d. Residents shall be regularly scheduled for hair cutting and styling, in an individualized manner, by trained personnel.
e. For residents who require such assistance, cutting of toe nails and fingernails shall be scheduled at regular intervals.

38. Physical Facilities A resident has a right to a humane physical environment within the institutional facilities. These facilities shall be designed to make a positive contribution to the efficient attainment of the habilitation goals of the institution.

a. Resident Unit All ambulatory residents shall sleep in single rooms or in multi-resident rooms of no more than six persons. The number of nonambulatory residents in a multi-resident room shall not exceed ten persons. There shall be allocated a minimum of 80 square feet of floor space per resident in a multi-resident room. Screens or curtains shall be provided to ensure privacy. Single rooms shall have a minimum of 100 square feet of floor space. Each resident shall be furnished with a comfortable bed with adequate changes of linen, a closet or locker for his personal belongings, and appropriate furniture such as a chair and a bedside table, unless contraindicated by a Qualified Mental Retardation Professional who shall state the reasons for any such restriction.
b. Toilets and Lavatories There shall be one toilet and one lavatory for each six residents. A lavatory shall be provided with each toilet facility. The toilets shall be installed in separate stalls for ambulatory residents, or in curtained areas for non-ambulatory residents, to ensure privacy, shall be clean and free of odor, and shall be equipped with appropriate safety devices for the physically handicapped. Soap and towels and/or drying mechanisms shall be available in each lavatory. Toilet paper shall be available in each toilet facility.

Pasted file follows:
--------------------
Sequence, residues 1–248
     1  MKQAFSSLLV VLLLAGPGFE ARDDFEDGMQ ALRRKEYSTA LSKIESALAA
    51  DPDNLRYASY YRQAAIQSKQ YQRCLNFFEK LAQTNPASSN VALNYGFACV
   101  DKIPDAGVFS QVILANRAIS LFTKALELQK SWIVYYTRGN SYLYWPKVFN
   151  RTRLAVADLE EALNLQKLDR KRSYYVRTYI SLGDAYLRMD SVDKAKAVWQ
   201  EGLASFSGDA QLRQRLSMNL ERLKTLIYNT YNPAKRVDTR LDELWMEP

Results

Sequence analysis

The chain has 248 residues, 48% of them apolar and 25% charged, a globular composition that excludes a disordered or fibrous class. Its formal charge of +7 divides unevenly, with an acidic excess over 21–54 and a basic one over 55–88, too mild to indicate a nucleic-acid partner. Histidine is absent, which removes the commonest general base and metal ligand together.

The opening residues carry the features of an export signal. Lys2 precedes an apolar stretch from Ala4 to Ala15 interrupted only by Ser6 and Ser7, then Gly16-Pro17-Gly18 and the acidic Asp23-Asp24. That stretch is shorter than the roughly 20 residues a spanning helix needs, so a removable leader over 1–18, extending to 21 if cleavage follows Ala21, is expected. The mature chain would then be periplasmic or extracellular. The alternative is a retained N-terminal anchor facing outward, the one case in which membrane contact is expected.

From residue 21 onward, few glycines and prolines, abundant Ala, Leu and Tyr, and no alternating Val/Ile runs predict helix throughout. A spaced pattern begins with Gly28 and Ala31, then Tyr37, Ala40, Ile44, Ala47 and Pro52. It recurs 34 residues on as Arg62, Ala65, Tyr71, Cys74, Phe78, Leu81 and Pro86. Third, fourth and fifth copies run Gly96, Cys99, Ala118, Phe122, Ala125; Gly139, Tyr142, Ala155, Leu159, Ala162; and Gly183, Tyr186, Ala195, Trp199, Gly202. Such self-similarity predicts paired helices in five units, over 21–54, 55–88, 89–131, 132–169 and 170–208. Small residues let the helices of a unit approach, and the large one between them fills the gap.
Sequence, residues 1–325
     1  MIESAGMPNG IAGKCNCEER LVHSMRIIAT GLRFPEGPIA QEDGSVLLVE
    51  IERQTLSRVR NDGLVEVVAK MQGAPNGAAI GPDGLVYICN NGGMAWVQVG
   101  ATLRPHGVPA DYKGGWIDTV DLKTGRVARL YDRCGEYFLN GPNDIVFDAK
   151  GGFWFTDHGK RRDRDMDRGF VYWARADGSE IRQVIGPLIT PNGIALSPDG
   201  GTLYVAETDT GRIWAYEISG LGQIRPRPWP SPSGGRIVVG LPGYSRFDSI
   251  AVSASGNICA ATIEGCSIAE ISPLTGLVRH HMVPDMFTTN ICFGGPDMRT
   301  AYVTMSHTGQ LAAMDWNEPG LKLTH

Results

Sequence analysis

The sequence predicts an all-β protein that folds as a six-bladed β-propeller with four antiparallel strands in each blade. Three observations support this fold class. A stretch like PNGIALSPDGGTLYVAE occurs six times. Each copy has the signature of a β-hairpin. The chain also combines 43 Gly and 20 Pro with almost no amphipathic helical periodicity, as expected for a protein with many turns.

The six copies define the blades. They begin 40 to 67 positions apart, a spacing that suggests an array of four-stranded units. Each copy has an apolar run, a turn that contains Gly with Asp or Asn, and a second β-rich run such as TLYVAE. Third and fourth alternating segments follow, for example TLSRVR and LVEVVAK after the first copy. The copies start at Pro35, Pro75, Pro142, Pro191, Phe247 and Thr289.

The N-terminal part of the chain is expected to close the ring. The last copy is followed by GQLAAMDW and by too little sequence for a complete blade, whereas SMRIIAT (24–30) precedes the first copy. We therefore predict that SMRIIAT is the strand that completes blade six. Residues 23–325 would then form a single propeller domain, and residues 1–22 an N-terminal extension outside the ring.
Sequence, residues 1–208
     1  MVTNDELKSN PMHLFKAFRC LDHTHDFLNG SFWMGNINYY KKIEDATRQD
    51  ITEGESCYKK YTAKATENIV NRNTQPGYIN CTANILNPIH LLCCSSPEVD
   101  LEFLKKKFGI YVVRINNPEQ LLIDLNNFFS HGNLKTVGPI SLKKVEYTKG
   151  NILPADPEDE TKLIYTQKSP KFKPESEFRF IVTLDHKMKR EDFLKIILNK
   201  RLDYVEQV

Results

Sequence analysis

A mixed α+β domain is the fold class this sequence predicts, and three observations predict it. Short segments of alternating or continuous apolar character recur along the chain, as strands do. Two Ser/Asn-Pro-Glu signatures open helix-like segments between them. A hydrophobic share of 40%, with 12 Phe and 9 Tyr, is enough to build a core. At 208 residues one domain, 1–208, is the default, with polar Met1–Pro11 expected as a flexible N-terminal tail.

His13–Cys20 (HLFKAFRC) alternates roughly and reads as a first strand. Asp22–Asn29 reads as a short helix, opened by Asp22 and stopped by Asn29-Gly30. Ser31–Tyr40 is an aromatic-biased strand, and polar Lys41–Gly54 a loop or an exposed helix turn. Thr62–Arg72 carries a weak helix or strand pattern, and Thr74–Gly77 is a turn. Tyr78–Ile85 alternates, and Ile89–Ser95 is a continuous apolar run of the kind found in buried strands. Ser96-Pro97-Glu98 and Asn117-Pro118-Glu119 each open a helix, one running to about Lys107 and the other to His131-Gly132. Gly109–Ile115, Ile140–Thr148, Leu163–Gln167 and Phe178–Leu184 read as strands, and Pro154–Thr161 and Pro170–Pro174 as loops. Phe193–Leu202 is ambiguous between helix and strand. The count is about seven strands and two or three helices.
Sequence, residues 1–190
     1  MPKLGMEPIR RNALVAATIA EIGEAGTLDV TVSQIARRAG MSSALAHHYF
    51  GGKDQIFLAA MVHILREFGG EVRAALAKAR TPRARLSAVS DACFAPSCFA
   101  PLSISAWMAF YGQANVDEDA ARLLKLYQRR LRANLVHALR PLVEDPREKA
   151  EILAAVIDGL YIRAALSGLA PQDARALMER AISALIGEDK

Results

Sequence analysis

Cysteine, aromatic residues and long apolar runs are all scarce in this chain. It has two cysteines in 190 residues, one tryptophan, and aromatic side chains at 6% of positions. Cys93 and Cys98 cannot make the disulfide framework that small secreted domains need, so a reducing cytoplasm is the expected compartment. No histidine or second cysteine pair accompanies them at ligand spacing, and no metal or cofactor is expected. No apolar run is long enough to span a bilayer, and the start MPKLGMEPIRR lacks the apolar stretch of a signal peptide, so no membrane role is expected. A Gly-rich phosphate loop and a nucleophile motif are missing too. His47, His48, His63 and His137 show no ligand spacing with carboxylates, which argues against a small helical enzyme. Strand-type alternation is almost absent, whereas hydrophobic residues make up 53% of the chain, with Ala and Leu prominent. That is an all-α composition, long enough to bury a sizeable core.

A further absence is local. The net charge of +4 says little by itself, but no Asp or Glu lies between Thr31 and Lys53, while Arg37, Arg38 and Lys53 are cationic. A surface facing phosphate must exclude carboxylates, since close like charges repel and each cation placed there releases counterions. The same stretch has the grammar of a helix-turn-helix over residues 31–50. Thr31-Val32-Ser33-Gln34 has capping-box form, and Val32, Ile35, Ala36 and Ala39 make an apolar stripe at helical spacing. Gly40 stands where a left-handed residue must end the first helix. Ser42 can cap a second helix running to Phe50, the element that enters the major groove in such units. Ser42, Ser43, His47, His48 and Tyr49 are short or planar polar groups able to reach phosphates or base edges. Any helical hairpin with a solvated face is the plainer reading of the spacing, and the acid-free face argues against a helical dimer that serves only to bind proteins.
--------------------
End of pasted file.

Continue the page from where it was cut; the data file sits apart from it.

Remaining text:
c. Showers There shall be one tub or shower for each eight residents. If a central bathing area is provided, each tub or shower shall be divided by curtains to ensure privacy. Showers and tubs shall be equipped with adequate safety accessories.
d. Day Room The minimum day room area shall be 40 square feet per resident. Day rooms shall be attractive and adequately furnished with reading lamps, tables, chairs, television, radio and other recreational facilities. They shall be conveniently located to residents' bedrooms and shall have outside windows. There shall be at least one day room area on each bedroom floor in a multi-story facility. Areas used for corridor traffic shall not be counted as day room space; nor shall a chapel with fixed pews be counted as a day room area.
e. Dining Facilities The minimum dining room area shall be ten square feet per resident. The dining room shall be separate from the kitchen and shall be furnished with comfortable chairs and tables with hard, washable surfaces.
*405 f. Linen Servicing and Handling The institution shall provide adequate facilities and equipment for the expeditious handling of clean and soiled bedding and other linen. There must be frequent changes of bedding and other linen, but in any event no less than every seven days, to assure sanitation and resident comfort. After soiling by an incontinent resident, bedding and linen must be immediately changed and removed from the living unit. Soiled linen and laundry shall be removed from the living unit daily.
g. Housekeeping Regular housekeeping and maintenance procedures which will ensure that the institution is maintained in a safe, clean, and attractive condition shall be developed and implemented.
h. Nonambulatory Residents There must be special facilities for nonambulatory residents to assure their safety and comfort, including special fittings on toilets and wheelchairs. Appropriate provision shall be made to permit nonambulatory residents to communicate their needs to staff.
i. Physical Plant
(1) Pursuant to an established routine maintenance and repair program, the physical plant shall be kept in a continuous state of good repair and operation so as to ensure the health, comfort, safety and well-being of the residents and so as not to impede in any manner the habilitation programs of the residents.